Morning: Visit Punta Espinoza on Fernandina, the youngest in the Galápagos Islands. Witness the largest colony of marine iguanas and a variety of bird life.
Afternoon: Urbina bay is located at the base of the Alcedo volcano. Hike the trail to get a view of the caldera watching for land iguanas along the way
Punta Espinoza is the only visitors site on Fernandina. After a walk on the beach and up onto the lava we can go swimming and snorkelling to find the flightless cormorants in the water. Fernandina Island is the youngest in the Galapagos Islands (approximately 700,000 years old) and is also one of the most volcanically active. A fascinating mix of mangroves, rocky shores, black sand beaches, and wildlife that have had relatively little human contact. Fernandina boasts some of the most diverse marine, wildlife and vegetation in the Galapagos.
It is home to a massive colony of marine iguanas blended into the black rocks. This is a great area to see some of the more elusive birdlife of the islands including the Galapagos Hawk, flightless cormorants and the Galapagos penguin.
Arriving into Urbina Bay after lunch we will spend the afternoon ashore searching for land iguanas and walking up to the caldera of the 650m tall, Alecedo volcano. You can cool off from this long walk from the beach and search for spiny lobster and other marine wildlife underwater
Day 5 Isabela Island (1B,1L,1D)
An early arrival into Elizabeth Bay allows us to get out into the panga boats and explore the mangroves. The mangroves are home to multitudes of bird and marine wildlife. Look out for blue footed boobies, penguins and pelicans feeding on the abundant marine life and if we are lucky we will find sea turtles too.
This afternoon we will visit Punta Moreno on the southwestern side of Isabela. The landscape is pristine and desolate with impressive black lava floes and a unique system of brackish lagoons, which are a magnet for wildlife. From here there is a spectacular view of 3 volcanoes that are so distinctive to Isabela Island: Alcedo, Sierra Negra and Cerro Azul. This newly opened visitors site allows us the opportunity to see Darwin’s finches, Galapagos doves, penguins, blue-footed boobies, mockingbirds and flightless cormorants as well as unusual vegetation.
Day 6 Isabela Island (1B,1L,1D)
This morning, visit Las Tintoreras, a small island in front of Puerto Villamil. The bay in front is known to be home to a colony of white tip sharks. Hike the Sierra Negra Volcano which has the largest basaltic caldera in the Galapagos. Along the hike, see smoking fumaroles and the "sulphur volcano" where you see large amounts of sulphur deposited around the fumaroles. The volcano last erupted in October 2005, making it the most recent eruption of the Galapagos."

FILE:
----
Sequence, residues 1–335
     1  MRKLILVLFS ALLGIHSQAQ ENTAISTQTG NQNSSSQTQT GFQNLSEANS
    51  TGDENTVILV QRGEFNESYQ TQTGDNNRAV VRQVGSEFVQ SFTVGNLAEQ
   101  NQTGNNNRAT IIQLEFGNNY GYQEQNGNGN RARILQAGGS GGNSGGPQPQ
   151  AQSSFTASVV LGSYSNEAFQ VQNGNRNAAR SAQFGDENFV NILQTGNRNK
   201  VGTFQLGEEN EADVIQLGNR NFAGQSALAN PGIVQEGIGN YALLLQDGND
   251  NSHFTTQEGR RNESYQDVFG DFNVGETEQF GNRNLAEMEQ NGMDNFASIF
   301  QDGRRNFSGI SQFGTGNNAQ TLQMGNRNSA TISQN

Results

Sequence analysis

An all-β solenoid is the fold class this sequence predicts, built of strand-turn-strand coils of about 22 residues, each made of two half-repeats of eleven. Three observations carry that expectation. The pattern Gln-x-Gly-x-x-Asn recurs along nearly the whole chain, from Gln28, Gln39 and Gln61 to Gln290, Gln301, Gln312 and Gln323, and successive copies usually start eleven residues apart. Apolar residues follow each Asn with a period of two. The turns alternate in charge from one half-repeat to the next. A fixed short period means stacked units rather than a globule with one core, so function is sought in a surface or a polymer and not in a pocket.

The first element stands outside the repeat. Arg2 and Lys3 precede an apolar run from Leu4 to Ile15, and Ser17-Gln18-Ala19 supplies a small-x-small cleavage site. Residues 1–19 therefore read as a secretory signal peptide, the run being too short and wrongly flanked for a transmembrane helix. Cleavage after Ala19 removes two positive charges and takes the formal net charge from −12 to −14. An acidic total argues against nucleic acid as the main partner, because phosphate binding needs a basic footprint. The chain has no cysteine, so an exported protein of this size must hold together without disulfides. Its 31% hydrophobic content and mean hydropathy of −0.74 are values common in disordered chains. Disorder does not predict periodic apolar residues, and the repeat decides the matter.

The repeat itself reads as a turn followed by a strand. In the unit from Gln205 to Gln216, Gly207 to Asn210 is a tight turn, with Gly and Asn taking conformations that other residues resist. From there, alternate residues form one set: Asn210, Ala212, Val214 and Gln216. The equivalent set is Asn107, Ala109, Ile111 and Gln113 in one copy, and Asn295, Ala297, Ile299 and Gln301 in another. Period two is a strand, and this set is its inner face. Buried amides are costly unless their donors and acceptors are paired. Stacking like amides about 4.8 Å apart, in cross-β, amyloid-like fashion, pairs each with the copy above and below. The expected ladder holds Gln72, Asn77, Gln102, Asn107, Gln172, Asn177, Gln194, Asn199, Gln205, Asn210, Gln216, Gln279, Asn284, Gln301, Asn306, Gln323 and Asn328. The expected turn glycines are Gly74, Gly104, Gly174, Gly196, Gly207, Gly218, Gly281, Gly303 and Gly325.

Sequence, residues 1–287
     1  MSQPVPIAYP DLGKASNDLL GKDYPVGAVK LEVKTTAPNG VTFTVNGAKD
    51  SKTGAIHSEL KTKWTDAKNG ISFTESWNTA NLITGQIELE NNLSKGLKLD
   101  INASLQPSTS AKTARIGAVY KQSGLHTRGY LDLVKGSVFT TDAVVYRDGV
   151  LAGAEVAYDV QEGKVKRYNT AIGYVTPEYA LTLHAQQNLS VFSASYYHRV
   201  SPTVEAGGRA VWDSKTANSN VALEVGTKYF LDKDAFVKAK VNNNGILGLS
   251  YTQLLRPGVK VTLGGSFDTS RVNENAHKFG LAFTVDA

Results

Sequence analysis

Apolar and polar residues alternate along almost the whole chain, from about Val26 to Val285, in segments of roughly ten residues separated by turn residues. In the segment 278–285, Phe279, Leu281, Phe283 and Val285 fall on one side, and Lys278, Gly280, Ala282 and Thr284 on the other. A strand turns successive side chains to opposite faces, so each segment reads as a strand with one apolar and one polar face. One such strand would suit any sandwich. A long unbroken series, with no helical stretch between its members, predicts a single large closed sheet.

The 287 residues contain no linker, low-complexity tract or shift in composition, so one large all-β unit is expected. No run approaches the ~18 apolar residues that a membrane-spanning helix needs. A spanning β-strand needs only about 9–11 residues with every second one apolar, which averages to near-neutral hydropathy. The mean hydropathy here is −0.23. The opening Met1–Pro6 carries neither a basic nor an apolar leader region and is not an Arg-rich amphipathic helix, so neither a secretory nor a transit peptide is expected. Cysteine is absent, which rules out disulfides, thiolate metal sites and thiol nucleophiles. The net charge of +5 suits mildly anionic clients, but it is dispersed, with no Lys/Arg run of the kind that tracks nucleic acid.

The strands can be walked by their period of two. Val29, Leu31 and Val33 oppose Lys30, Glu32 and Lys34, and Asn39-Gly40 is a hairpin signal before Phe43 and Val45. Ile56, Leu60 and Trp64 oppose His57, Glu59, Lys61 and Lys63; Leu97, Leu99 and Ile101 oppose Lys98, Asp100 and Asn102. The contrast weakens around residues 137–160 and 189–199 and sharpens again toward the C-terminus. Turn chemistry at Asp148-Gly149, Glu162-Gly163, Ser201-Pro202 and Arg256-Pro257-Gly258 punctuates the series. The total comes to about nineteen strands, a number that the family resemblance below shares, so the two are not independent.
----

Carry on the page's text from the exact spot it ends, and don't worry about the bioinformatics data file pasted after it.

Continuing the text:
In the afternoon, you'll also have the opportunity to see the Wall of Tears, which pays homage to prisoners forced to build the wall of huge blocks of lava between 1946 and 1959 when a penal colony was on the island. Many prisoners died during its construction. Check out the Arnaldo Tupiza Breeding Centre to see some of the famous giant tortoises of the Galapagos.
Day 7 Santa Cruz (1B,1L,1D)
In the morning we arrive in Puerto Ayora, on Santa Cruz Island. Santa Cruz is the second largest in the island group, and has the largest population, with Puerto Ayora as its main town. It also boasts the most varied of the islands’ vegetation zones: coastal, transition, scalesia, miconia and pampa. The Charles Darwin Research Station is a 10 minute walk from the centre of the town. Here, an exhibition centre displays photos of recent volcanic eruptions, charts outlining geological formations and drawings of the evolutionary development of endemic species.
In the afternoon a short walk takes us to the beautiful white beach of Tortuga Bay. Relax on the beach, walk along the mangroves looking for marine iguanas and birdlife or rent a kayak and explore this marine wonderland. The waters are known for Tontoreras shares, sea turtles and manta rays in the shallow areas.
Day 8 San Cristobal (1B)
Arriving San Cristóbal in the morning. San Cristóbal is the easternmost island of Galapagos and one of the oldest. Its principal town is Puerto Baquerizo Moreno, the capital of the Galapagos. Disembark after breakfast, visit the interpretation center and transfer to the airport for our flight to Quito.
Flights from San Cristobal to Quito depart between 11:30am and 1:30pm depending on the day of the week. These will arrive into Quito between 4:00pm and 5:40pm with a refuelling stop in Guayaquil (you will not disembark the plane).